In the first years of Christianity, this fast was only a few days long, and Christmas wasn’t celebrated on 25 December but on 6 January, along with Theophany. This changed in the 4th centuries, for reasons which the Church deemed important at that time. It was decided that it ought to coincide with a particular pagan feast*, in order to avoid confusion and a misleading situation among the Christians of the time, some of whom still felt drawn to celebrating the date, a feast of the sun, along with the pagans. The Church sanctified the date in this way, which is why, in the dismissal hymn, Christ is referred to as the ‘Sun of righteousness’. We ought to add that the Church adopted this period of forty days until Christmas- the time of the forty liturgies- to help us in our struggle, each of us in the measure of which we’re capable. Ideally, the Divine Liturgy is celebrated every day, during this time, so we can participate as much as possible.

It’s difficult to say how important and beneficial to the soul this frequent attendance at the Liturgy is for each of us, but we should recall it as a daily meal, where Christ’s Body and Blood is offered as our food and drink, at His board, so that we can partake for the remission of our sins and for eternal life. Also of great importance is the remembrance of names by the priest at the Preparation table for these forty liturgies.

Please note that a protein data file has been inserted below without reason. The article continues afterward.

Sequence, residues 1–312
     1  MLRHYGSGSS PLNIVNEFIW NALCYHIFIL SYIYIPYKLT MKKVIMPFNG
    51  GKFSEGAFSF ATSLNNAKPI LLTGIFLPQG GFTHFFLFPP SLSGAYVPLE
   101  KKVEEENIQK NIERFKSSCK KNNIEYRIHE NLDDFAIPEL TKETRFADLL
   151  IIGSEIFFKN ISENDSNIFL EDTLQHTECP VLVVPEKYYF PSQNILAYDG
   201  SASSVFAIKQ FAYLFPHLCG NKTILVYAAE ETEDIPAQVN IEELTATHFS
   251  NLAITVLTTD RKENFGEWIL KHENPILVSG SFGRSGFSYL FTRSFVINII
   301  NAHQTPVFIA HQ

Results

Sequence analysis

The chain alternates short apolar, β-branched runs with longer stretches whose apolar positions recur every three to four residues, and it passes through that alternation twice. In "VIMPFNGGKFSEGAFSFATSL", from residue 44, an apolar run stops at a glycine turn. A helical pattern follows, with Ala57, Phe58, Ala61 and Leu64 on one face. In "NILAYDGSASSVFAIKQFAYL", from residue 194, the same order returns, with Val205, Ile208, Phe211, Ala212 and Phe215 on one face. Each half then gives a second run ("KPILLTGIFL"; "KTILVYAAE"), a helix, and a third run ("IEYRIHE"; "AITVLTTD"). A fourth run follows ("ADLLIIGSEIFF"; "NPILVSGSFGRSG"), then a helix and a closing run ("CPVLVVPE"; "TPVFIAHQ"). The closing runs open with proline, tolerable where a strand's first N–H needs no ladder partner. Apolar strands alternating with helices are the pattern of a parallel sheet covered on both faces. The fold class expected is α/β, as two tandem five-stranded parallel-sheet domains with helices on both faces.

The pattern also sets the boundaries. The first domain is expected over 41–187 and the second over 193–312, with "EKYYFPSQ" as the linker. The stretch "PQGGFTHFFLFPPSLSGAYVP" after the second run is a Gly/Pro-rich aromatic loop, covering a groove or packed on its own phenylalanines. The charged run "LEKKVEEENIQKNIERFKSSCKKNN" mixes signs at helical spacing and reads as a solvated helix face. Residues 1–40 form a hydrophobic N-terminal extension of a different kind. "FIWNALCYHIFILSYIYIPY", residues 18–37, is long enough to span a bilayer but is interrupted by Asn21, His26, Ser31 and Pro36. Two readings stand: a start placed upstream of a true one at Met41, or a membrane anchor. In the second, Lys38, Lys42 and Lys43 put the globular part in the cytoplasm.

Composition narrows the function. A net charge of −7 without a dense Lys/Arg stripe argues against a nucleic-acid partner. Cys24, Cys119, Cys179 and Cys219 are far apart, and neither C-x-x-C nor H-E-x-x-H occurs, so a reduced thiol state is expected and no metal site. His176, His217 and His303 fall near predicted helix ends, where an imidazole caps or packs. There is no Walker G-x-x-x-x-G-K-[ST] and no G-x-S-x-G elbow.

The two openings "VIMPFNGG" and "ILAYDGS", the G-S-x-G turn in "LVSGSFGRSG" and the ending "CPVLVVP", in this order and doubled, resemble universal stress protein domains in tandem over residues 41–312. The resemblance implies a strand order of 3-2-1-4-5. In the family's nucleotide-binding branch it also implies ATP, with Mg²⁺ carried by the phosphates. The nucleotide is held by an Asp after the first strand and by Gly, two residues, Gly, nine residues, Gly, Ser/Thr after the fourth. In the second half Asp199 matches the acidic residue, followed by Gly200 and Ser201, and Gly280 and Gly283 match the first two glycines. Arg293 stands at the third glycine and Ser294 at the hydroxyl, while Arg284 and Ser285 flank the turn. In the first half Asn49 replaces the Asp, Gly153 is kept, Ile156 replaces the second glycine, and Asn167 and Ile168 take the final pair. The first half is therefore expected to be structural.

And at this time of spiritual struggle, let’s be more acutely aware of alms-giving towards others, both in terms of material help, which is always necessary, particularly given the financial problems so many people are facing, but also as regards spiritual charity, which often proves to be more important than material assistance, since it requires love and often a certain amount of time.

* ‘Sol invictus’ (‘Unconquered Sun’) instituted by Aurelian on 25 December 274 [WJL]

Source: pemptousia.com

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Pemptousia and OCN have entered a strategic partnership to bring Orthodoxy Worldwide. Greek philosophers from Ionia considered held that there were four elements or essences (ousies) in nature: earth, water, fire and air. Aristotle added ether to this foursome, which would make it the fifth (pempto) essence, pemptousia, or quintessence. The incarnation of God the Word found fertile ground in man’s proclivity to beauty, to goodness, to truth and to the eternal. Orthodoxy has not functioned as some religion or sect. It was not the movement of the human spirit towards God but the revelation of the true God, Jesus Christ, to man. A basic precept of Orthodoxy is that of the person ­– the personhood of God and of man. Orthodoxy is not a religious philosophy or way of thinking but revelation and life standing on the foundations of divine experience; it is the transcendence of the created and the intimacy of the Uncreated. Orthodox theology is drawn to genuine beauty; it is the theology of the One “fairer than the sons of men”. So in "Pemptousia", we just want to declare this "fifth essence", the divine beaut in our life. Please note, not all Pemptousia articles have bylines. If the author is known, he or she is listed in the article above.